No announcement yet.

Badly used and worn 8mm / 16mm prints .

  • Filter
  • Time
  • Show
Clear All
new posts

  • Badly used and worn 8mm / 16mm prints .

    I have been logging into Ebay quite a lot lately .
    Something very odd has bemused me slightly .
    I have been magnifying and studying with a keen eye some of those screen shots posted by some sellers .
    It seems that some people are now willing to pay over the odds for what i consider to be badly scratched and worn prints on all film gauges .
    Some even have strained or torn perforations . Even worse some of those are also badly faded too .
    Why is this i ask myself is it just because the movie is on actual film ? Even allowing for slight light film wear i find
    some of those worn scratched copies are something i would not even watch in private . Never mind show to others .
    Some even look like a cat has been let loose on a print .
    I mean it's not even the case the titles are rare or hard to find on alternative visual formats in much better acceptable condition .
    Oh well you pay your money and make your choice i suppose . What a funny old world we live in .

  • #2
    I think a lot of sellers just don’t understand what they have (or don’t care). And a lot of buyers don’t know what they’re buying. I’ve learned to ask about the condition of a print and definitely ask for screenshots.


    • #3
      Yep, pink and scratched prints don't do it for me either. A green emulsion scratch really hacks me off. I just can't believe that anyone would let their gate and film path get into such a state that it would scratch a print - and yet it happens. When I see some screenshots that a seller has put on EBay, where the top third of frame is full of hair and dirt, I can't believe that anyone would buy that print. If it's pink, I just avoid it but those of us with Eastman SP prints already in our collection have to accept the inevitable - or dump them on EBay and hope someone is daft enough to buy them.


      • #4
        Yep! That oh so wonderful "allure" of film! Tastes great in milk!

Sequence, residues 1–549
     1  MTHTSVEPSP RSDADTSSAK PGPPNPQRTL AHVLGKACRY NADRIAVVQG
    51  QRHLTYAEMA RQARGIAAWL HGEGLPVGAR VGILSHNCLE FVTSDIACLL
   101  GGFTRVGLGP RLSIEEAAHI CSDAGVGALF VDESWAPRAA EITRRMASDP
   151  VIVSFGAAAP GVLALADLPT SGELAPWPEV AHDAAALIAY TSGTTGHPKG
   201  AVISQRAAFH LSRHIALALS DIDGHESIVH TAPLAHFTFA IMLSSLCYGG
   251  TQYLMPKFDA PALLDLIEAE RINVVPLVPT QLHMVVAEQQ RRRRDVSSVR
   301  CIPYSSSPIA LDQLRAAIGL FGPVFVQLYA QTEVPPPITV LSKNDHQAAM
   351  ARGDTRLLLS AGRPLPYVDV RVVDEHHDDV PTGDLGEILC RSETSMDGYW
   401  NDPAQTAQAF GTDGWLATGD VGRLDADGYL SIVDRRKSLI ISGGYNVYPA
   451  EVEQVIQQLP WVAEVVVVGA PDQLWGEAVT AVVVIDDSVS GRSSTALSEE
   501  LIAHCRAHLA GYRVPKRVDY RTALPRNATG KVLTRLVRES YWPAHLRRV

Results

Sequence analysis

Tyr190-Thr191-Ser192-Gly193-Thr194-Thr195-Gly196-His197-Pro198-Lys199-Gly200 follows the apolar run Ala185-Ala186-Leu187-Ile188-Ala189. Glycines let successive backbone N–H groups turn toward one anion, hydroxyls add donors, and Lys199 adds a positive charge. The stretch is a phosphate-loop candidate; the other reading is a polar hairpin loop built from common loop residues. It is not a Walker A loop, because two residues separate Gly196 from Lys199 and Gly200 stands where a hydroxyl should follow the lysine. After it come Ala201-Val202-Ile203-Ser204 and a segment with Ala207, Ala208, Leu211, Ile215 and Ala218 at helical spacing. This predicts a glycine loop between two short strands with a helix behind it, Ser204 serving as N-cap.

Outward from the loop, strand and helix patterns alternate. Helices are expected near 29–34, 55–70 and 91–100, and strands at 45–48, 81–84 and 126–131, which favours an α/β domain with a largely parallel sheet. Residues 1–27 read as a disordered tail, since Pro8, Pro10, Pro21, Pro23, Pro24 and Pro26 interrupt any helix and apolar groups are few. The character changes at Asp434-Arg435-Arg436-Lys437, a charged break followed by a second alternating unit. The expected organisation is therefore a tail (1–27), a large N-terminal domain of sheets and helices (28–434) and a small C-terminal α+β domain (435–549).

• #5
          My opinion based on my experience and the thousands of copies that have passed through my hands in Spain, most of them national editions and some very rare in Super 8. In the 70s and 80s, Super 8 films were for rent in movie houses. photocinema or cinema club. You only needed to buy a sound projector, become a member and a token to rent movies. Many users were not very skilled or did not know well the operation and care of films and the projector. For this reason, some copies were scratched in just a few passes or the perforations were forced or the film broke, often due to repeating some scenes backwards and forwards. Additionally, some projector models were very bad to handle. There were many novices and few experts. Different was the one who could afford to buy a new short or feature film and who also knew the hobby well and knew how to take care of and preserve the films.

          Now, when we talk about movies that are bought and sold on eBay, my opinion is that the seller must know how to describe very well the condition of the movie that he is putting up for sale. That is the main key to a good salesperson. He must previously project and take note of his state in a reasonable way. Once the condition is described and photos added, the buyer knows what to expect.

          What sometimes happens is that the buyer simply falls in love with the item because of the title or rarity, buys it, and once received it, for some reason, he or she regrets it, and since eBay always agrees with the buyer, the seller is the one who is harmed. who has dedicated his time to presenting his article in detail.

          It must be understood that, except for new printing copies, all films that are 40 or 50 years old have some signs of use.​


          • #6
            Dave is quite right. Much of the stuff these sellers obtain is from house clearance etc, and the original owners were Film libraries who had not disposed of their worn out prints or people who hadn’t a clue how to use films and projectors correctly. Film libraries quite often had to ban customers because of the state films were in when returned. Personally I would never buy films from E bay, and have only bought projectors which I needed for spares or could restore. I gave up on these some years ago because of the ridiculous prices being asked.


            • #7
              If you are selling the film below, the AD should read:
              • Rare home video
              • I don't have a film player so I have not played it.
              • No fading, beautiful color. No evidence of physical damage
              • Does have some occasional dirt on some sections